Calling all petrolheads: competing in motorsport, whether it be racing, rallying, or any other discipline, is prohibitively expensive for most young people. The good news is that you can still indulge your passion for all things automotive by becoming one of the thousands of volunteer marshals who spend their weekends helping to run motorsport events up and down the country. Here are five reasons why you should try marshalling…
- Get closer to the action – whether its trackside at Silverstone or stood in a forest as a flame-spitting World Rally Car flashes by, marshals enjoy privileged access to events beyond that of a spectator. Clearly, this comes with responsibility as you are there to do a job, but the rewards are more than worth it. Not to mention the opportunities to meet drivers and attend some of the most prestigious events on the UK motorsport calendar (free of charge!)
- You’re in demand – the future of motorsport depends on new faces coming in to learn from more experienced marshals and eventually taking the lead in keeping much-loved events running for years to come. Remember, no event, not even a Formula 1 Grand Prix, would be possible without the marshals who carry out such vital work.
- It couldn’t be easier – simply follow the links at the end of this article to find out more about the different roles marshals can perform and how to apply. If you’re interested in becoming a rally marshal, all you have to do is complete the Motorsport Association’s (MSA’s) online training modules and send off a registration form. It’s quick, hassle-free and gives you a good introduction to the basics of marshalling.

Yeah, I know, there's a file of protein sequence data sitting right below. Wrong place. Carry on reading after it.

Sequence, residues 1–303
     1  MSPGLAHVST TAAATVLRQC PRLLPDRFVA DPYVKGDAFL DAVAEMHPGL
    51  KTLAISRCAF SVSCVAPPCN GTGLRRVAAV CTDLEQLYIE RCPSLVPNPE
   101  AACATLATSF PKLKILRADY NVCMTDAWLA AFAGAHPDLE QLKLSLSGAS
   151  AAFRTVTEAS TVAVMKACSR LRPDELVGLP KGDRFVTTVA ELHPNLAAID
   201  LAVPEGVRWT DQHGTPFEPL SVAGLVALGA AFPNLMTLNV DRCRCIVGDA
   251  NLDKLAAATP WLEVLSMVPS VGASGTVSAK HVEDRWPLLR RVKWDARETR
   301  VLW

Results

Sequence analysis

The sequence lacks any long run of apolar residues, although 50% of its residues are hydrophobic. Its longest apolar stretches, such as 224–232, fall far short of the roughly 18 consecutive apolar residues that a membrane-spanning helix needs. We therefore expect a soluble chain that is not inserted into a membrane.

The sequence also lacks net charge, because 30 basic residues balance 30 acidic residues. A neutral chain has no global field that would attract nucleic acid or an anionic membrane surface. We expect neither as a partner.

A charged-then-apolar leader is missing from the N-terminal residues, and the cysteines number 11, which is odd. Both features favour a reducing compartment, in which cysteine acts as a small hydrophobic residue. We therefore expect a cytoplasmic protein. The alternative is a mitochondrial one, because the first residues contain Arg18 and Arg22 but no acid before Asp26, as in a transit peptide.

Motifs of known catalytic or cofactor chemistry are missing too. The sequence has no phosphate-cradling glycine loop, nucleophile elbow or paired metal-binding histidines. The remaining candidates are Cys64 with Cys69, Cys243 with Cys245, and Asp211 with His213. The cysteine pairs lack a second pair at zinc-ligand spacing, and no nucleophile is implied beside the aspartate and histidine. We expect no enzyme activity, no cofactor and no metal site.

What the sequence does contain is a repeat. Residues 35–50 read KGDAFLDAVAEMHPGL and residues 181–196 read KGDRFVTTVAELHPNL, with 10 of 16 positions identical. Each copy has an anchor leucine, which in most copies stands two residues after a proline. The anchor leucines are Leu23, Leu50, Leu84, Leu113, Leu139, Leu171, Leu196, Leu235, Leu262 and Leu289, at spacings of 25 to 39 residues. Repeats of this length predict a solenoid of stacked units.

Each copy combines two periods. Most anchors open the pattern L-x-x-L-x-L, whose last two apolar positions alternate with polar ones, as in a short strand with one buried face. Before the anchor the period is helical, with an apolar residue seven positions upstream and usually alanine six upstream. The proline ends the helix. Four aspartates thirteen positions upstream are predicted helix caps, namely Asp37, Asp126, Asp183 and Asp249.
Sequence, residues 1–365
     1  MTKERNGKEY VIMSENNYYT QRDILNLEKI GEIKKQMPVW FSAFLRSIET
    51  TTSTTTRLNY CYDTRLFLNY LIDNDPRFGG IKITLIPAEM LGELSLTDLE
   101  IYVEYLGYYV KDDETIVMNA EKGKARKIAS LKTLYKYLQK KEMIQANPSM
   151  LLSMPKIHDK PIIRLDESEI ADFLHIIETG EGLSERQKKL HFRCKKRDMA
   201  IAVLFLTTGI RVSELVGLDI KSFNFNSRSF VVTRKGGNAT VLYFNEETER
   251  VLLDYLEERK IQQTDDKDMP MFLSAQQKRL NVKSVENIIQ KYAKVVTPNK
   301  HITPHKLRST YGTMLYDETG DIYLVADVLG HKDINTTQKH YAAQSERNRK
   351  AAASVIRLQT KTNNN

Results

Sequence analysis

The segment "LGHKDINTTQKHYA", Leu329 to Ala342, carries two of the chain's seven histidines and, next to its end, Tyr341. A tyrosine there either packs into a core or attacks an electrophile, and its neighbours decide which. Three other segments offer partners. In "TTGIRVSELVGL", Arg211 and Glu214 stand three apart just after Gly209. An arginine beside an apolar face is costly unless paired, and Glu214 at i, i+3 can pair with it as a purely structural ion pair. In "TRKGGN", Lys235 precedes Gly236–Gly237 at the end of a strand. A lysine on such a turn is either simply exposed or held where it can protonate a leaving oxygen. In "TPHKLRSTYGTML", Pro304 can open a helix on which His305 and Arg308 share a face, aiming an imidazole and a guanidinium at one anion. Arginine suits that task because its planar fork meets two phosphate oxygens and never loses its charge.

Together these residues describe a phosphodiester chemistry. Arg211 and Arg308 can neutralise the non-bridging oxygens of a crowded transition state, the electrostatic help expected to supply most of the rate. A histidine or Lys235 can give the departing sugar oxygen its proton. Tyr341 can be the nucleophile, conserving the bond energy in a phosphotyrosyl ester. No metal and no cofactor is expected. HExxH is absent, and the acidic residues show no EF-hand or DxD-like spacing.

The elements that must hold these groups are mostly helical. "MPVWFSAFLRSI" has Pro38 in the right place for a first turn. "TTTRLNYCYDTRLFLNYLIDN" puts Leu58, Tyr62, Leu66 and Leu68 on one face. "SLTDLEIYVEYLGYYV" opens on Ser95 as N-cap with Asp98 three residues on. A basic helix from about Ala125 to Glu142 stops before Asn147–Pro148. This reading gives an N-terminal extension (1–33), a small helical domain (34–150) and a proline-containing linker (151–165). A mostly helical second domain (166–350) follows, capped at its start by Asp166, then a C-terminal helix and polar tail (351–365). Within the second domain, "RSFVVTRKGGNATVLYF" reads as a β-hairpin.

- Become part of a friendly, welcoming community of like-minded people – join your local motor club and meet fellow enthusiasts. The camaraderie and spirit within the marshalling community is another great reason to get involved and ensures anyone new to marshalling is given the guidance they need to have a safe and enjoyable experience.
- Develop valuable life skills – as those who are first on the scene in the event of an accident, marshals have to be ready for anything. Attend training sessions on everything from first aid to firefighting – hopefully you’ll never have to put what you’ve learned into practice, but you have to be prepared! If that sounds a little too hands-on, the organisational and administrative side of the sport is another area where marshals can lend a very welcome helping hand.
If you would like to become a marshal, you can apply and find out more by visiting: